Because I have been a genetic counselor for so many years I have heard every possible question and because I can do it in my sleep, patients in any time zone have access to ChatBob 24/7. The neuro-computer connections hook up to a deeply embedded part of my unconscious mind so I am usually unaware that a counseling session is even taking place (admittedly, that sometimes used to happen when I saw patients in person too). I can binge watch whatever television series I am in the mood for while the Counseling and Education Center of my brain – the striatum bovis stercis – subliminally and simultaneously counsels dozens of patients. Labs download test results directly into my brain which then sends a message to patients’ computers so they can immediately access their reports and my clinical interpretation.
I am in great demand by laboratories and hospitals wanting to free themselves of the burden of the salaries of multiple genetic counselors. I can be easily integrated into Epic or any other electronic health records platform. Researchers looking to allow people from all demographics to have easy access to genetic counseling in research projects are pounding on my e-door. ChatBob is a researcher’s dream because all the counseling is done by one counselor so they don’t have to control for counselor variability in skill, experience, or style. ChatBob is scalable to a population level; hey All of Us , why not take All of Me? Telegenetic counseling startups are pleading with me to replace their entire staff. I’ve had inquiries from Google wondering if they can implant advertisements in my brain for products related to patients’ genetic test results.
There have been some mishaps and a few crossed wires. These have mostly been the result of my cousin being a disbarred neurosurgeon (one of the disconcerting things about being awake during neurosurgery is that you can hear the surgeon say “Oops” in the middle of the procedure) and because my niece, being a teenager, has more important things to pay attention to than the details of her uncle’s neurocircuitry. So occasionally when a patient asks a dumb question the reptilian part of my brain overrides my Counseling Center and responds with something like “What a dope. Weren’t you paying attention to what I just neurotransmitted? I’ve already said twice that daughters can inherit a BRCA1 mutation from their fathers and that genes absolutely cannot skip generations.” A few patients have managed to integrate themselves into some of my dreams. It made for some awkward moments when a couple of patients managed to tap into the primal portions of my brain that house my implicit biases, fantasies, fears, and unfiltered thoughts. But hey, that’s to be expected in the pioneering stages of any world-changing technology. Kind of like Alexa “inadvertently” listening to your private conversations. Employers are not troubled by these occasional mishaps because all they care about is that I am counseling high volumes of patients and saving them oodles of money.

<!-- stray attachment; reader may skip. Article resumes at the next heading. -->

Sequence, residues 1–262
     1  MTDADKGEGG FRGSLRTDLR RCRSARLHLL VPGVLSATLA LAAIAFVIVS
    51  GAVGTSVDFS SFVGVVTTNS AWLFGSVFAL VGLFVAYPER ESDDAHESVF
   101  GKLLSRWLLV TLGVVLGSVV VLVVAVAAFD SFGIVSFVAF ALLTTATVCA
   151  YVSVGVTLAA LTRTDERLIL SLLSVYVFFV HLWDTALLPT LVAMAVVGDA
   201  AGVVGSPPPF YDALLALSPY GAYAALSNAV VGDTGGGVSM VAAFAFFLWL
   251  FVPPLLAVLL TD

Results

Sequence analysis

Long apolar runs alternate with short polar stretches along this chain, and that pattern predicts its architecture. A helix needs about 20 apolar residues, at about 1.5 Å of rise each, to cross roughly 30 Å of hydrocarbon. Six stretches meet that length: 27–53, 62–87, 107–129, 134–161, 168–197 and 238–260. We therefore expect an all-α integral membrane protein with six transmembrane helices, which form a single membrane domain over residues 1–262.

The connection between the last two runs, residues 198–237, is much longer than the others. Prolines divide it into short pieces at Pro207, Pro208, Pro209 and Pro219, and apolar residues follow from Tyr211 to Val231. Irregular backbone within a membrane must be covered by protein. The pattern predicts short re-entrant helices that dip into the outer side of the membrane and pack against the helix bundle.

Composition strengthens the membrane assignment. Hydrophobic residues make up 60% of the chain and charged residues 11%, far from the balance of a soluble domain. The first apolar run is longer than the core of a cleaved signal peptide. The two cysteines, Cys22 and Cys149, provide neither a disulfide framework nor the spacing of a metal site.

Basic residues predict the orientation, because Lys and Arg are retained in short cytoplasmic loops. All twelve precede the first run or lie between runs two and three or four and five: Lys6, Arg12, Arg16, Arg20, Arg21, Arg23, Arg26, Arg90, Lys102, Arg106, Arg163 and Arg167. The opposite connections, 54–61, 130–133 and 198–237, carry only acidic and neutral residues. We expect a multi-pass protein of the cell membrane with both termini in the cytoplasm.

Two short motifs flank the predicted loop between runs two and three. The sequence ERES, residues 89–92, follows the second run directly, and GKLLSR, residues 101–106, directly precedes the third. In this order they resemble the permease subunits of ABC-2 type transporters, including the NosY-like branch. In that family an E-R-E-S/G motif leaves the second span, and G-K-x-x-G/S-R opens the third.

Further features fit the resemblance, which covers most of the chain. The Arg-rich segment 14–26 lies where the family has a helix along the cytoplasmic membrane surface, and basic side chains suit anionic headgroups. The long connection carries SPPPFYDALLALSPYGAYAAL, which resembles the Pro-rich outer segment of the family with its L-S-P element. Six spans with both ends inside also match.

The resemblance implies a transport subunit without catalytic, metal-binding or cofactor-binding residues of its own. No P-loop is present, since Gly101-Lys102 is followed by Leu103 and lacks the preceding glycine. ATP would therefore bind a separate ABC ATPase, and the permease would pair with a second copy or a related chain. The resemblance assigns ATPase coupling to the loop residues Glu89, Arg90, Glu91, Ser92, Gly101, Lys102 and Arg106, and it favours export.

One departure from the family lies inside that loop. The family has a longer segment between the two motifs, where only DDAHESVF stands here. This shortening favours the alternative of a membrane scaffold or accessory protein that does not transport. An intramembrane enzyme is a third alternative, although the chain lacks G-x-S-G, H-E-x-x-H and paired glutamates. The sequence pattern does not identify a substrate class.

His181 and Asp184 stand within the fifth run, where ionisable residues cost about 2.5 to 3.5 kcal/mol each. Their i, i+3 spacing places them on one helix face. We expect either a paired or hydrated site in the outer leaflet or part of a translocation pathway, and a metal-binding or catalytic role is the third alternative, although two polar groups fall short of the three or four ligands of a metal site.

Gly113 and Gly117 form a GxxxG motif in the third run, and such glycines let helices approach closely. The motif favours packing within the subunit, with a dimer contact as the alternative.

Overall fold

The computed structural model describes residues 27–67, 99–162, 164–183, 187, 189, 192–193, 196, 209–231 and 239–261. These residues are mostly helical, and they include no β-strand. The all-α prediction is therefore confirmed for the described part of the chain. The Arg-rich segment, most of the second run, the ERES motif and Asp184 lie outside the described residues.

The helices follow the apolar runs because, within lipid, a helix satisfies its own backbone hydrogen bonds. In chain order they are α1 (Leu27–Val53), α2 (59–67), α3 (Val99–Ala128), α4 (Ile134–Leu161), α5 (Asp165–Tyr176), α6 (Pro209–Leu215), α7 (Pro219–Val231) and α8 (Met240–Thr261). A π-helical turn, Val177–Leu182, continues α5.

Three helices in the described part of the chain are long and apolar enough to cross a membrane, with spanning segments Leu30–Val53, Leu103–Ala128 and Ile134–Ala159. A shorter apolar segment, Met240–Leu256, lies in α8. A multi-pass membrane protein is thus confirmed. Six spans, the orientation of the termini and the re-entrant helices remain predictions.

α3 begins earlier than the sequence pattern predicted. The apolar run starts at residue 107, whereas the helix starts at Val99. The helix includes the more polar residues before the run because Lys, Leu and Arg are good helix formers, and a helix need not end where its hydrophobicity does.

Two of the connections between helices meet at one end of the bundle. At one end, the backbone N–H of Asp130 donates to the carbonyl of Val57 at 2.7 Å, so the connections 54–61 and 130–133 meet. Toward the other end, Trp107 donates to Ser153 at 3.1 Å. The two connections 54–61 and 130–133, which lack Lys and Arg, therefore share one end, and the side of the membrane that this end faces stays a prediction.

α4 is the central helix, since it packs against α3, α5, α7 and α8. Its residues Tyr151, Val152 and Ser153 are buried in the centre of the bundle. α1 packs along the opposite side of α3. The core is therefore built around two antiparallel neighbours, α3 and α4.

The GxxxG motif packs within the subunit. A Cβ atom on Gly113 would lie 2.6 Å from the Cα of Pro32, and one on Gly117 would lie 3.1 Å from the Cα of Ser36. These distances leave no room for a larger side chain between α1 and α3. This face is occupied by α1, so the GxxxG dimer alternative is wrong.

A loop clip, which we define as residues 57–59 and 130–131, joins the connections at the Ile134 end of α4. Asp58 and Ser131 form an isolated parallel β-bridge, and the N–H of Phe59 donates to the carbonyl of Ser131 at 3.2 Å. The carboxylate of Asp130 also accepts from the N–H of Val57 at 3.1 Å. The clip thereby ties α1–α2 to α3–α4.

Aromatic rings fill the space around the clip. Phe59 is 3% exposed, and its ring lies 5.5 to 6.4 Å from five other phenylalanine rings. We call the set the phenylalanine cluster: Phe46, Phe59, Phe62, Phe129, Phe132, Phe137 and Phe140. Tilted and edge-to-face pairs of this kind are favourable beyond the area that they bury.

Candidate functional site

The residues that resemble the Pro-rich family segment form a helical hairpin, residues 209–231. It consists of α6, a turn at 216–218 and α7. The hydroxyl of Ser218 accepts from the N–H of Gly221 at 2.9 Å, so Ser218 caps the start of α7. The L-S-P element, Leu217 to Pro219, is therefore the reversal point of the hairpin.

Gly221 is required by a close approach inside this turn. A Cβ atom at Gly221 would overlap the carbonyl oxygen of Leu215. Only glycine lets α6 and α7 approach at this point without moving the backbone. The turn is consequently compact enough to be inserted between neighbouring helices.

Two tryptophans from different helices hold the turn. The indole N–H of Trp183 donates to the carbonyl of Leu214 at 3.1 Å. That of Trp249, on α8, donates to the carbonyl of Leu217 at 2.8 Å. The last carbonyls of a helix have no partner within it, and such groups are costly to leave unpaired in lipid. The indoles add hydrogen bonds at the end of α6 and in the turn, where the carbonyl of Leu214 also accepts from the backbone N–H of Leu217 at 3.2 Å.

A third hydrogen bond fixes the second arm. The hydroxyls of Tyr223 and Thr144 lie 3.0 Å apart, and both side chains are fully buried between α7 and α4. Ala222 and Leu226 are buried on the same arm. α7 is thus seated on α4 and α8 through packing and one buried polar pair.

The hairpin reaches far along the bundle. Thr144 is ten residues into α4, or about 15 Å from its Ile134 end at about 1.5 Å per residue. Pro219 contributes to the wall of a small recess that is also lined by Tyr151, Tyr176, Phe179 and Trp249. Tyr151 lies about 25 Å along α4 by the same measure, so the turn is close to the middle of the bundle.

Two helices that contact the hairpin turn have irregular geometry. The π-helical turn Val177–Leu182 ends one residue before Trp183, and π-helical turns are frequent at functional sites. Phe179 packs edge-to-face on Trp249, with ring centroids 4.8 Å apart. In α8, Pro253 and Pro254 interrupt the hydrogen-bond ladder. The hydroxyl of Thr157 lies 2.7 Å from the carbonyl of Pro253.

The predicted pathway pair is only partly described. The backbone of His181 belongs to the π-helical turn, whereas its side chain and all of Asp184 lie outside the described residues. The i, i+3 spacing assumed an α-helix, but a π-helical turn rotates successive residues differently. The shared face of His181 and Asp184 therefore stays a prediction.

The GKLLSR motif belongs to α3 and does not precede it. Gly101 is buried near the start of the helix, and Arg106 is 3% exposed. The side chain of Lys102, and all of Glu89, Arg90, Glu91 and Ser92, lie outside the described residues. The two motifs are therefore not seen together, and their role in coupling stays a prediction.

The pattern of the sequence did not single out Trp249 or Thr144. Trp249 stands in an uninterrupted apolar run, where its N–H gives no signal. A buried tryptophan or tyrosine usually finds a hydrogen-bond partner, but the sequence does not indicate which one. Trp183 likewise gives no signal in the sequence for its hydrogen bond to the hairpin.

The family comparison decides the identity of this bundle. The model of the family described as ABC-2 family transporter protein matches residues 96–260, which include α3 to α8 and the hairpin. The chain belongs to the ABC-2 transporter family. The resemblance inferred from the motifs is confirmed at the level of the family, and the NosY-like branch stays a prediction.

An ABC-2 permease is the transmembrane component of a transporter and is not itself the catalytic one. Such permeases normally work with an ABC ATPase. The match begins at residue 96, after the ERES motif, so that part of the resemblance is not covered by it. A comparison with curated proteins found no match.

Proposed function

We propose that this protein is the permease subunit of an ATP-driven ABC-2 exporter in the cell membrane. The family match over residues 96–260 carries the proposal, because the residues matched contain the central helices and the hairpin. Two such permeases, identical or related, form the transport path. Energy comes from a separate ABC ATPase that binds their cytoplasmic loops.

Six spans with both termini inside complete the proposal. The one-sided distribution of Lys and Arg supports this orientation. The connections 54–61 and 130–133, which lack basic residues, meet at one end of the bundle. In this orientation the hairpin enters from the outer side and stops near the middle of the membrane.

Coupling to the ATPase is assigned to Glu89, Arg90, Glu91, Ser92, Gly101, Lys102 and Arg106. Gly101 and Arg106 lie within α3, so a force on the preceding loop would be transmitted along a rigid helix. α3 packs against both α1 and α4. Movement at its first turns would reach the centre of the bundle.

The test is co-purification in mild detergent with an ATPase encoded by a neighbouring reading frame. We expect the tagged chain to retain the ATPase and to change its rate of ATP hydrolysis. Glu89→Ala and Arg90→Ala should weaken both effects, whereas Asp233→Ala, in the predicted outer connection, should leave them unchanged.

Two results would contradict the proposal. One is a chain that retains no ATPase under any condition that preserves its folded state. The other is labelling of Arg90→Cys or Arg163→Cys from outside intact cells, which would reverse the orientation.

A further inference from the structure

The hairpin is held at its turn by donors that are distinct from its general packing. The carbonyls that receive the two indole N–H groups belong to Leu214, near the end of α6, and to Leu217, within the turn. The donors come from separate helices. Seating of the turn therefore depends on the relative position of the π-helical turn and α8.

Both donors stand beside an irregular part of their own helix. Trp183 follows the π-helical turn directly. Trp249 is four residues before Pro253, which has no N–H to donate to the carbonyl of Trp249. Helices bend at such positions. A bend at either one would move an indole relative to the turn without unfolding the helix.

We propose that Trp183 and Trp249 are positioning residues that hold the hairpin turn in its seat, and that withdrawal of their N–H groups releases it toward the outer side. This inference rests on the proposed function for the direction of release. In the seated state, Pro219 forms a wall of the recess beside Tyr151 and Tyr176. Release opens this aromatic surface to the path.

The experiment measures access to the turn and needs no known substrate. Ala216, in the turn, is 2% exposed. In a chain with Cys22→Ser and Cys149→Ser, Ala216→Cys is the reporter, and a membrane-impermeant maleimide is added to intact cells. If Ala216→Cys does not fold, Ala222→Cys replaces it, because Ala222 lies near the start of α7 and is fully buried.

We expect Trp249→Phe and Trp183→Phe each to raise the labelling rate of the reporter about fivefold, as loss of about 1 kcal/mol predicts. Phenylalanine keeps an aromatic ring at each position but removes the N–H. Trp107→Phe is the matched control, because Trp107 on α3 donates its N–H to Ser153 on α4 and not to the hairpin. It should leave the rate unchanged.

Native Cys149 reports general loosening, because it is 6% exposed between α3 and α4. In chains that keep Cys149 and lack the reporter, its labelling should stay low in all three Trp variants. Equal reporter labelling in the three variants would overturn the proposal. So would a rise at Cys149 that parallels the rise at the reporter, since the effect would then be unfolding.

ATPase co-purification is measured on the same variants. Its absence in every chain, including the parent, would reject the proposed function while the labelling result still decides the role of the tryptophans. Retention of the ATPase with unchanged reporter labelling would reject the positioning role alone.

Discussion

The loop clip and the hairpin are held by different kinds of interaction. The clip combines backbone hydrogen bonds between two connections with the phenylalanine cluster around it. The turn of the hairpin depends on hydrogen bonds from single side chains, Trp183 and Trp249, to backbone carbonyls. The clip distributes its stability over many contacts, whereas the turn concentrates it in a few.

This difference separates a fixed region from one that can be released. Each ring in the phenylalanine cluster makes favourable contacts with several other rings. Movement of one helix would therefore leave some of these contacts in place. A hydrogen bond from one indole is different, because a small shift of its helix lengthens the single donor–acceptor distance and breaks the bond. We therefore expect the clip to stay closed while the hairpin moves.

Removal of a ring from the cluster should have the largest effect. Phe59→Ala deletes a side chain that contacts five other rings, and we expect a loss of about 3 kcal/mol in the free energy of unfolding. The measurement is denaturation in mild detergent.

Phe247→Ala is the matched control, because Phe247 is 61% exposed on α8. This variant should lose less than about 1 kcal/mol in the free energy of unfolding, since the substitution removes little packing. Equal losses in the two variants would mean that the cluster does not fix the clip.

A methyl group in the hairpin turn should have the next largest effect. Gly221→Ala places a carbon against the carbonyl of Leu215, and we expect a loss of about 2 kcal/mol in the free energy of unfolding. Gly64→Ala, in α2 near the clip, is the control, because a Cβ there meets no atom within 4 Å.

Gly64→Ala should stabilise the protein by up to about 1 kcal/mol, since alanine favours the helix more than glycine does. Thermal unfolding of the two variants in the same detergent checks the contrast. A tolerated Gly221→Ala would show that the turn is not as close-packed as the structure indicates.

I don’t recommend other genetic counselors biotechnoconverting to ChatBob because I want all the business and I want to have the best presentations at national meetings. Plus, it is kind of a permanent thing, so you can’t just back out after using it for 90 days or whatever. And you have to do lots of explaining to skeptical TSA workers at airport security checkpoints. But these are small sacrifices to make in order to stay in front of the genetic counseling peloton. I will be seeing you in my rearview mirror for the next 10 years.
Thanks to Emily Singh for realizing the ChatBob graphic